Finds Modern

Value Proposition: 3536 IWC Aquatimer 2000 in Steel


Last week, I gave a discourse on my appreciation for IWC’s water-resistant offerings in featuring an early Yacht Club. In that text, I linked to some of the less recognized dive offerings from their back catalogue. Now, in my immense power as technocrat here, I can tell what readers click on. More of you clicked on my link for a neo-vintage 3536 than the early Yacht Club I was attempting to feature. I’m not one to skip a good attention grab, so it seemed apropos that I give the audience, you, what you clearly wanted. That will be no hardship, as the 3536 is one of the strongest value buys today for its ruggedness, Germanic charm, and attention to detail.


A watch as legendary as the Ocean 2000 is a hard act to follow. IWC couldn’t back off the ridiculous water resistance for fear of seeming less technically accomplished and yet had to update the design. How did they manage? With typically Germanic no-nonsense focus. Now that Porsche was out of the picture, IWC revived the 812 Aquatimer’s moniker and brought the aesthetic into the new millenium. It was 42mm with a 14.5mm rise in either steel (shown here, -2 reference) or titanium (-1). Not exactly a Panerai, but no Polerouter sub either. The titanium was the most common production, with steel slightly rarer. This was the Germanic/Austrian answer to Rolex’s five-digit Sub.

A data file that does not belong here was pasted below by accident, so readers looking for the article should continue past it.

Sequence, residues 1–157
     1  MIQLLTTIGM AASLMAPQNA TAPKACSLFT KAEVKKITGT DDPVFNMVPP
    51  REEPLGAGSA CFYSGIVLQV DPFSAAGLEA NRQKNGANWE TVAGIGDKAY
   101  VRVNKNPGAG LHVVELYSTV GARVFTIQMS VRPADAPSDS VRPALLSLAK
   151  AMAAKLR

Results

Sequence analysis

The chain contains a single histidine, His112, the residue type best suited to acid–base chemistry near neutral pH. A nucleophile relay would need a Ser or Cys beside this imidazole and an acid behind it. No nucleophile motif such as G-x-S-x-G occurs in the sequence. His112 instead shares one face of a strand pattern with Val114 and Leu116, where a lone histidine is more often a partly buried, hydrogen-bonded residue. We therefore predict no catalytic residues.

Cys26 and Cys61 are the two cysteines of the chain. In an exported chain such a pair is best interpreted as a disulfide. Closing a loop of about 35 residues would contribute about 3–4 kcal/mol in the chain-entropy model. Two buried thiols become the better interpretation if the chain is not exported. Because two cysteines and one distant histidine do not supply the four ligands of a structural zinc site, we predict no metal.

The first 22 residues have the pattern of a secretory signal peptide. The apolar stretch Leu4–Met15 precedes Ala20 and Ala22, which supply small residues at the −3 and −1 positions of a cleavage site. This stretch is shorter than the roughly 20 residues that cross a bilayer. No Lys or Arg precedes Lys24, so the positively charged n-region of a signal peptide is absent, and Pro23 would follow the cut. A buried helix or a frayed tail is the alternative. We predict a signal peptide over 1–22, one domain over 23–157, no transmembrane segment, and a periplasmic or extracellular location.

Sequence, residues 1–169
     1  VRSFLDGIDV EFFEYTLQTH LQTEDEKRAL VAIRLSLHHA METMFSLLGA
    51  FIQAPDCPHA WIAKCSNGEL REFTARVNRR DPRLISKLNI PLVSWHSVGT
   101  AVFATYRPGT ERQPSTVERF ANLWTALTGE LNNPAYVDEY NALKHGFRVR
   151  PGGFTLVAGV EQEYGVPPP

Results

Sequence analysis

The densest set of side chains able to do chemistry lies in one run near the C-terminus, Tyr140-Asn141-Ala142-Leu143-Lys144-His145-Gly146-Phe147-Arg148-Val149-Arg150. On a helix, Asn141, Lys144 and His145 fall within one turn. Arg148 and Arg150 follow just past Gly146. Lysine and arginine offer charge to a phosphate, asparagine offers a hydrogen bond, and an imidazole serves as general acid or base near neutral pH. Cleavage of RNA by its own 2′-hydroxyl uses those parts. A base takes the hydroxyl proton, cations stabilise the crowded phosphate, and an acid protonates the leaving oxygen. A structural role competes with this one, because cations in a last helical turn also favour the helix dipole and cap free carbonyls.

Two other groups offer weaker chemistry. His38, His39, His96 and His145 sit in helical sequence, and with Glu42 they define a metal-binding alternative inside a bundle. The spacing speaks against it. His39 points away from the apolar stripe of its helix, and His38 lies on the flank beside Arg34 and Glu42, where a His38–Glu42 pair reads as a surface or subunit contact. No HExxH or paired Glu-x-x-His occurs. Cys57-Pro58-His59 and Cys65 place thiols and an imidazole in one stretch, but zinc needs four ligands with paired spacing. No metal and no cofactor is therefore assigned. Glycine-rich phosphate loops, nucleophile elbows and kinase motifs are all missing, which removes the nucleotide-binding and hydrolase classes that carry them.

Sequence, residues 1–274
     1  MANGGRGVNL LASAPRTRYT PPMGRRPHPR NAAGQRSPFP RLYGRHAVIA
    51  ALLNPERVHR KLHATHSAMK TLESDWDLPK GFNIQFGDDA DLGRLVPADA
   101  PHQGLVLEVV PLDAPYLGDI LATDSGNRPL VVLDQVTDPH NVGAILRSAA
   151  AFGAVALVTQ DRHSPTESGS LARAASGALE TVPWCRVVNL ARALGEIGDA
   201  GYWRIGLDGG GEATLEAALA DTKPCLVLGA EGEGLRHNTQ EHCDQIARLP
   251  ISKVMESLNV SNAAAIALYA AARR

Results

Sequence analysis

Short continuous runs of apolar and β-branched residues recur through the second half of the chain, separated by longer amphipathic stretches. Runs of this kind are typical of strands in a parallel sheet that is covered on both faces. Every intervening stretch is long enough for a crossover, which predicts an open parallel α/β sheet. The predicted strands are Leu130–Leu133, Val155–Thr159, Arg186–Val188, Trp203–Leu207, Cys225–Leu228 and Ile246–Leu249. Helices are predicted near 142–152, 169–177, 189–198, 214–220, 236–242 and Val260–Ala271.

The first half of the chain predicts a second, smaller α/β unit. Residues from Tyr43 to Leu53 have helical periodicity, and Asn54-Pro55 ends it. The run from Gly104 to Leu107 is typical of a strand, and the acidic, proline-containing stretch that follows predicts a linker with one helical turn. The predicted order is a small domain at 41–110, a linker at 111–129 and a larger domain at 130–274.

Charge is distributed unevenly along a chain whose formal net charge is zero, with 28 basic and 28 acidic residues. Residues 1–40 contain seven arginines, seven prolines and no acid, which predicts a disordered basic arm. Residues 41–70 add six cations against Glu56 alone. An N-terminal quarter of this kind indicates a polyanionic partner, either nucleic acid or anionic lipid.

IWC’s professional diver was executed with professional attention to detail. Interestingly, the bezel is spring-loaded, the only one I’m aware of of its type. You actually need to push into it in order to rotate it counterclockwise. Neat, right? The dial is a mix of tritium and superluminova. It features a highly modified ETA 2892 with almost everything but the architecture being replaced by IWC’s own components, including a 21k gold rotor. It runs at 28800 vph and features hacking with a quick-set. This is function taken to such an extreme that it becomes luxury; sturdy luxury. Neo-vintage does have some real gems waiting to be discovered en masse.

This example presents decently. It has a relatively unmarked case without too many desk diving clasp scratches. The dial, handset, and bezel are all perfectly and very gently aged into their respective tones. Lugs are sharp. Very sadly, however, the crown is not original. You could probably source a replacement. It’s valued as such. It comes from a small German retailer on C24.

Find this 3536 here on Chrono24 for 5075 USD.

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